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Turley v. Britton

February 24, 2007


The opinion of the court was delivered by: Scullin, Senior Judge



Plaintiff seeks compensatory damages pursuant to 42 U.S.C. § 1983 for the alleged violation of his constitutional rights while he was incarcerated at Mid-State Correctional Facility. Specifically, Plaintiff claims that Defendants' rejection of his request to mail a letter to the State Department of Motor Vehicles ("DMV"), without paying the requisite postage, was an unconstitutional abridgement of his First Amendment rights. Plaintiff also contends that Defendants' action contravened Department of Corrections' Directives concerning the "privileged" status of prisoners' correspondence with governmental agencies, allowing such materials to be mailed without paying postage.

Currently before the Court is Magistrate Judge Homer's Report-Recommendation and Order and Plaintiff's objections thereto.


At all relevant times, Plaintiff was an inmate at Mid-State and Marcy Correctional Facilities. On or about July 28, 2003, while incarcerated at Mid-State Correctional Facility, he attempted to mail a letter to the DMV. The mail room at Mid-State Correctional Facility rejected the letter because Plaintiff had not paid the $.37 postage. See Deposition of Mark A. Turley dated December 20, 2004 ("Turley Tr.") at 20. On August 4, 2003, Plaintiff filed a grievance requesting that all outgoing mail to the DMV be classified as privileged because the DMV was a state agency. On August 28, 2003, Plaintiff was transferred from Mid-State Correctional Facility to Marcy Correctional Facility. See Turley Tr. at 16. Upon his arrival at Marcy Correctional Facility, the mail room mailed his letter to the DMV without charging him postage. See id. at 24-25.

On September 8, 2003, Plaintiff sent a letter to Defendant Britton, the mail room supervisor at Marcy Correctional Facility, asking her whether correspondence to the DMV would be classified as privileged. Defendant Britton responded that "DMV mail is not considered legal mail. However, we would not reject this mail. It would be processed as regular mail." See Complaint at Exhibit "2."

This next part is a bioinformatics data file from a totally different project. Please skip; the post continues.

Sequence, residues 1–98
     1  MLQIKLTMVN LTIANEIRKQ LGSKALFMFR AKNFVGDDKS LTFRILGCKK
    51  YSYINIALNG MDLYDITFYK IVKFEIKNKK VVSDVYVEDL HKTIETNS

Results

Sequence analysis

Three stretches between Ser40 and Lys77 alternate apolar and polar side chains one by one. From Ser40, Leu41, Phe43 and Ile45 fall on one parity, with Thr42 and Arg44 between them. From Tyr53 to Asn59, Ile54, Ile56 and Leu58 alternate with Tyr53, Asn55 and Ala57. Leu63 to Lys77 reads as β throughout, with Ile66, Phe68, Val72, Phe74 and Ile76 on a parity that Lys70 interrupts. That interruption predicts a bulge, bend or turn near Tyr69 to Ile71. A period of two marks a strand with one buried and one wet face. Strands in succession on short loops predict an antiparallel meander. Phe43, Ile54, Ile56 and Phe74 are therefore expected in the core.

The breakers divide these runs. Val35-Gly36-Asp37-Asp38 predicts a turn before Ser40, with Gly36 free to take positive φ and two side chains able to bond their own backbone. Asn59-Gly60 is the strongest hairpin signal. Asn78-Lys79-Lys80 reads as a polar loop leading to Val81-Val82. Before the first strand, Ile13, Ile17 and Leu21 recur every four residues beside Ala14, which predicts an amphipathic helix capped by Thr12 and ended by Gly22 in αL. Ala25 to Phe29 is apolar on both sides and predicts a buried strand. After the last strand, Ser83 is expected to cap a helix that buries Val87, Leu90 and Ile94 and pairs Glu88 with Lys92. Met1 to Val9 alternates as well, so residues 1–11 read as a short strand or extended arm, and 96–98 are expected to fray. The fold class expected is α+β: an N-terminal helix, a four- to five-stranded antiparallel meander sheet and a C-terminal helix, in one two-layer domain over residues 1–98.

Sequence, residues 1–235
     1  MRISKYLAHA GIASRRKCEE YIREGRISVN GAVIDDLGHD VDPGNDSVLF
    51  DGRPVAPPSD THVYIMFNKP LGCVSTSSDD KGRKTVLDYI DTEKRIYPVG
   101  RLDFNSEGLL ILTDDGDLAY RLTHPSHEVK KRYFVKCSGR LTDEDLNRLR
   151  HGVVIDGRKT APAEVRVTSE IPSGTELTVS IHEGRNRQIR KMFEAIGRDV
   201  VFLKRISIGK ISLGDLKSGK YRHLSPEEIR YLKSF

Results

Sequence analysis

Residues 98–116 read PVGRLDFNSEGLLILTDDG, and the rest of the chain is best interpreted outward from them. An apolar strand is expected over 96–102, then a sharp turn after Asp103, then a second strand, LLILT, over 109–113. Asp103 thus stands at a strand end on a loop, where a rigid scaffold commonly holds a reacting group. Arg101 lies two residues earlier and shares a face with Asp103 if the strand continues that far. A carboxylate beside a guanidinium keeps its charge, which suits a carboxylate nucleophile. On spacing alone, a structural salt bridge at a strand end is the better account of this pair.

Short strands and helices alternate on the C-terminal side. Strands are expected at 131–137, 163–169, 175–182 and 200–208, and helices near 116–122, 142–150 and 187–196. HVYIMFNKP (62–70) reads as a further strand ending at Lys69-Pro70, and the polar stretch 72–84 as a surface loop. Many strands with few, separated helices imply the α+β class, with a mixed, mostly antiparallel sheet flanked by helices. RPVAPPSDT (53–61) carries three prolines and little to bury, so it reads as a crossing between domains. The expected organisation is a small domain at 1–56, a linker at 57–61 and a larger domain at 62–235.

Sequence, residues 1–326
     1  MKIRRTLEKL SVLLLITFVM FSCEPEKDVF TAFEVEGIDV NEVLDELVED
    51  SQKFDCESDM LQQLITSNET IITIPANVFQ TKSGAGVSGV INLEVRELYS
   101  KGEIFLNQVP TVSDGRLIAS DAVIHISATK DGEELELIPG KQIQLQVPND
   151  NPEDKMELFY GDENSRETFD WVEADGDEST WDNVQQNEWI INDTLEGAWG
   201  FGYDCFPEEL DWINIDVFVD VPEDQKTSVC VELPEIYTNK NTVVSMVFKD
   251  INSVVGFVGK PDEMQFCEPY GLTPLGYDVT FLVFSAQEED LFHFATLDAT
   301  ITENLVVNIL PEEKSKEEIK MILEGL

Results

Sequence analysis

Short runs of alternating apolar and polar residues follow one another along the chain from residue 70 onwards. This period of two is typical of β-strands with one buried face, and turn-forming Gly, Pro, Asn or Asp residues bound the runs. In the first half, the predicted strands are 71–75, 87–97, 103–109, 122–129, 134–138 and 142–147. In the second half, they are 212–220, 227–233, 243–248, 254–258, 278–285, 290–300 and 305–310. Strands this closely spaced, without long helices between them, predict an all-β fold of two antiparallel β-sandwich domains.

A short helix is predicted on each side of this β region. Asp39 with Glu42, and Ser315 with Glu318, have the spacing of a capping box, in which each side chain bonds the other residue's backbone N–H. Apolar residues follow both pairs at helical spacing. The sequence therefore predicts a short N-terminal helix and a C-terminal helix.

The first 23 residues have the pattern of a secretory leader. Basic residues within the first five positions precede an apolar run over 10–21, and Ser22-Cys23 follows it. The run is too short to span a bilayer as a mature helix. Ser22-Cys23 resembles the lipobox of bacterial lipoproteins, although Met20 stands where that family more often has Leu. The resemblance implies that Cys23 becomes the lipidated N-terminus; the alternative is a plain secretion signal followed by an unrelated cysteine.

On September 23, 2003, Defendant Costello, the Superintendent at Mid-State Correctional Facility, denied Plaintiff's grievance. See Complaint at Exhibit "3." Plaintiff appealed that decision; and, on October 15, 2003, the Central Office Review Committee ("CORC") accepted Plaintiff's request that outgoing correspondence to the DMV would be treated as privileged. See Complaint at Exhibit "4." CORC explained that "Directive #4421, Section 721.2, (d), does indicate that incoming mail from the Department of Motor Vehicles would not be processed as privileged correspondence, however, outgoing mail to this Department would be treated as privileged correspondence and afforded the weekly free postage allowance per Directive #4421." See id. (emphasis added).

After receiving CORC's response, Plaintiff commenced this action on November 28, 2003. Defendants moved for summary judgment, and Plaintiff cross-moved for summary judgment. See Dkt. Nos. 34, 36. Magistrate Judge Homer issued a Report-Recommendation and Order on January 4, 2006, in which he recommended that this Court grant Defendants' motion with respect to Plaintiff's second cause of action, dismiss Plaintiff's first cause of action, and deny Plaintiff's cross-motion. See Dkt. No. 45. Plaintiff timely filed his objections to these recommendations. See Dkt. No. 46.


A. Standard of Review

The district court reviews de novo those portions of the magistrate judge's report-recommendation and order to which a party objects, see Singleton v. Caron, No. 9:03-CV-00455, 2006 WL 2023000, *1 (N.D.N.Y. July 18, 2006) (citations omitted), and for clear error those portions to which a party does not object, see Stokes v. Artus, No. 05 Civ. 1975, 2006 WL 1676437, *2 (S.D.N.Y. June 14, 2006) (citation omitted). With these standards in mind, the Court will review Magistrate Judge Homer's recommendations in light of Plaintiff's objections.

B. Plaintiff's First Amendment Claim

It is well-established that "[t]o prevail on a claim under 42 U.S.C. § 1983, a plaintiff must '"show that [an] official, acting under color of state law, caused the deprivation of a federal right."'" Johnson v. Goord, 445 F.3d 532, 534 (2d Cir. 2006) (quotation omitted). Moreover, "[a] defendant's personal involvement in the alleged unlawful conduct is a prerequisite for a finding of liability in an action under 42 U.S.C. § 1983." Bennett v. Hunter, No. 9:02-CV-1365, 2006 WL 1174309, *4 (N.D.N.Y. May 1, 2006) (citations omitted). Thus, "[t]o prevail on a cause of action under 42 U.S.C. § 1983 against an individual, a plaintiff must show some tangible connection between the alleged unlawful conduct and the defendant." Id. (citation omitted). Finally, when the defendant is a supervisor, "mere 'linkage' to the unlawful conduct through 'the prison chain of command' (i.e., under the doctrine of respondeat superior) is insufficient to show his or her personal involvement in the unlawful conduct." Id. (citations omitted). Instead, to show that a supervisor was personally involved in the alleged constitutional violation, the plaintiff must establish that the supervisor (1) directly participated in that violation, (2) failed to remedy that violation after learning of it through a report ...

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